Dodo Master Review By Jordan Minor on August 29th, 2014 Our Rating: :: NEST EGGiPad Only App - Designed for the iPad Dodo Master is tough but fair, and that’s what makes it a joy to play.   | Read more »
Motorsport Manager Review
Motorsport Manager Review By Lee Hamlet on August 29th, 2014 Our Rating: :: MARVELOUS MANAGEMENTUniversal App - Designed for iPhone and iPad Despite its depth and sense of tactical freedom, Motorsport Manager is one of the most... | Read more »
Motorsport Manager – Beginner Tips, Tric...
The world of Motorsport management can be an unforgiving and merciless one, so to help with some of the stress that comes with running a successful race team, here are a few hints and tips to leave your opponents in the dust. | Read more »
CalPal Update Brings the App to 2.0, Add...
CalPal Update Brings the App to 2.0, Adds Lots of New Stuff Posted by Ellis Spice on August 29th, 2014 [ permalink ] | Read more »
Baseball Battle Review
Baseball Battle Review By Jennifer Allen on August 29th, 2014 Our Rating: :: SIMPLE HITTINGUniversal App - Designed for iPhone and iPad Simple and cute, Baseball Battle is a fairly fun baseball game for those looking for something... | Read more »
Checkmark 2.1 Update Released, and it’s...
Checkmark 2.1 Update Released, and it’s on Sale for a Limited Time Posted by Jessica Fisher on August 29th, 2014 [ permalink ] | Read more »

Price Scanner via MacPrices.net

Labor Day Weekend MacBook Pro sale; 15-inch m...
B&H Photo has the new 2014 15″ Retina MacBook Pros on sale for up to $125 off MSRP. Shipping is free, and B&H charges NY sales tax only. They’ll also include free copies of Parallels Desktop... Read more
Labor Day Weekend iPad mini sale; $50 to $100...
Best Buy has the iPad mini with Retina Display (WiFi models) on sale for $50 off MSRP on their online store for Labor Day Weekend. Choose free shipping or free local store pick up. Price is for... Read more
13-inch 1.4GHz MacBook Air on sale for $899,...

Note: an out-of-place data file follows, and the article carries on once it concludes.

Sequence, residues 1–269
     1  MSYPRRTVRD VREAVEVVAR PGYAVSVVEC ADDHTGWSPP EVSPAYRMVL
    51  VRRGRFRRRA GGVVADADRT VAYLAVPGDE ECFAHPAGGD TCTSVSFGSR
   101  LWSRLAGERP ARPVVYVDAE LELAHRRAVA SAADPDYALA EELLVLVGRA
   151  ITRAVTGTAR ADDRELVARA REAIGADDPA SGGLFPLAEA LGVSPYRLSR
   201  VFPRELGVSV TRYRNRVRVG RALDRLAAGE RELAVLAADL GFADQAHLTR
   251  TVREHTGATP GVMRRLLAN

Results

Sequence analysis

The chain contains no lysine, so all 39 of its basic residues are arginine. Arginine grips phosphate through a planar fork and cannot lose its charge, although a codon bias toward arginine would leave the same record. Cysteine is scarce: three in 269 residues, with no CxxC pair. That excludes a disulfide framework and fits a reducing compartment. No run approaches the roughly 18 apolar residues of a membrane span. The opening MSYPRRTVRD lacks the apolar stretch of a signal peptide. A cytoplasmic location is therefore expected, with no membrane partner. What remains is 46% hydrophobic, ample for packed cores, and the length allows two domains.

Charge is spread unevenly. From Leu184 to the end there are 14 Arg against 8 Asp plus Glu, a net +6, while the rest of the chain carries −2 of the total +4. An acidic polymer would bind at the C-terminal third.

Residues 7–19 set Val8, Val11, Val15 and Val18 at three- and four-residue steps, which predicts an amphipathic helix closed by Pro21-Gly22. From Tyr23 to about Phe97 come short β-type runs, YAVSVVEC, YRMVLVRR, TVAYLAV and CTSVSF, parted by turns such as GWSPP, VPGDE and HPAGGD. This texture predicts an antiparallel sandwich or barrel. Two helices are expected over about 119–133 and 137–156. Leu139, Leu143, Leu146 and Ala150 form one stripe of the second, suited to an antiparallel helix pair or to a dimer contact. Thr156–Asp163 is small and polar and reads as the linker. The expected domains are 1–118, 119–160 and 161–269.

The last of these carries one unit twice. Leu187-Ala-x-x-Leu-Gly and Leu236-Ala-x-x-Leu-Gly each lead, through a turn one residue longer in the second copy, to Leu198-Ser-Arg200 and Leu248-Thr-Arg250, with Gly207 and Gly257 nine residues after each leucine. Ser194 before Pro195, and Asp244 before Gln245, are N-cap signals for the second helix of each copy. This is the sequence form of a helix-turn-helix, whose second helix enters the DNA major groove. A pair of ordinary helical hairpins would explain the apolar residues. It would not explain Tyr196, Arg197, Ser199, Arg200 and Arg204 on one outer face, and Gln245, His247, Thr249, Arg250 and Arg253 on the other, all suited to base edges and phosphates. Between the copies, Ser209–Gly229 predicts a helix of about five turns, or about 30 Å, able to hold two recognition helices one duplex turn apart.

Adorama has the new 2014 13″ 1.4GHz/128GB MacBook Air on sale for $899.99 including free shipping plus NY & NJ tax only. Their price is $100 off MSRP. Read more
It’s Official: Apple Issues Invitations To Se...
Apple has issued one of its characteristically cryptic press invitations for a special event to be held at the Flint Center for the Performing Arts in hometown Cupertino on Sept. 9, 2014 at 10:00 am... Read more
Tablet Shipments To See First On-year Decline...
TrendForce analyst Caroline Chen notes that when the iPad launched in 2010, it was an instant hit and spurred a tablet PC revolution, with tablets so popular that that notebook PC sales stagnated and... Read more
SOBERLINK Releases Apple iOS Compatible Handh...
Cypress, California based SOBERLINK, Inc., creator of the first handheld Breathalyzer designed to improve recovery outcomes, continues to show prominence in the mobile alcohol monitoring space with... Read more
New 21″ 1.4GHz iMac on sale again for $999, s...
Best Buy has the new 21″ 1.4GHz iMac on sale for $999.99 on their online store. Their price is $100 off MSRP. Choose free shipping or free local store pick up. Price is for online orders only, in-... Read more
Smartphone Outlook Remains Strong for 2014, U...
According to a new mobile phone forecast from the International Data Corporation (IDC) Worldwide Quarterly Mobile Phone Tracker, more than 1.25 billion smartphones will be shipped worldwide in 2014,... Read more
Save up to $60 with Apple refurbished iPod to...
The Apple Store has Apple Certified Refurbished 5th generation iPod touches available starting at $149. Apple’s one-year warranty is included with each model, and shipping is free. Many, but not all... Read more
12-Inch MacBook Air Coming in 4Q14 or 2015 –...
Digitimes’ Aaron Lee and Joseph Tsai report that according to Taiwan-based upstream supply chain insiders, Apple plans to launch a thinner MacBook model either at year end 2014 or in 2015, and that... Read more

Jobs Board

*Apple* Retail - Multiple Positions (US) - A...
Sales Specialist - Retail Customer Service and Sales Transform Apple Store visitors into loyal Apple customers. When customers enter the store, you're also the Read more
*Apple* Retail - Multiple Positions (US) - A...
Sales Specialist - Retail Customer Service and Sales Transform Apple Store visitors into loyal Apple customers. When customers enter the store, you're also the Read more
*Apple* Retail - Multiple Positions (US) - A...
Sales Specialist - Retail Customer Service and Sales Transform Apple Store visitors into loyal Apple customers. When customers enter the store, you're also the Read more
*Apple* Retail - Multiple Positions (US) - A...
Sales Specialist - Retail Customer Service and Sales Transform Apple Store visitors into loyal Apple customers. When customers enter the store, you're also the Read more
Senior Event Manager, *Apple* Retail Market...
…This senior level position is responsible for leading and imagining the Apple Retail Team's global event strategy. Delivering an overarching brand story; in-store, Read more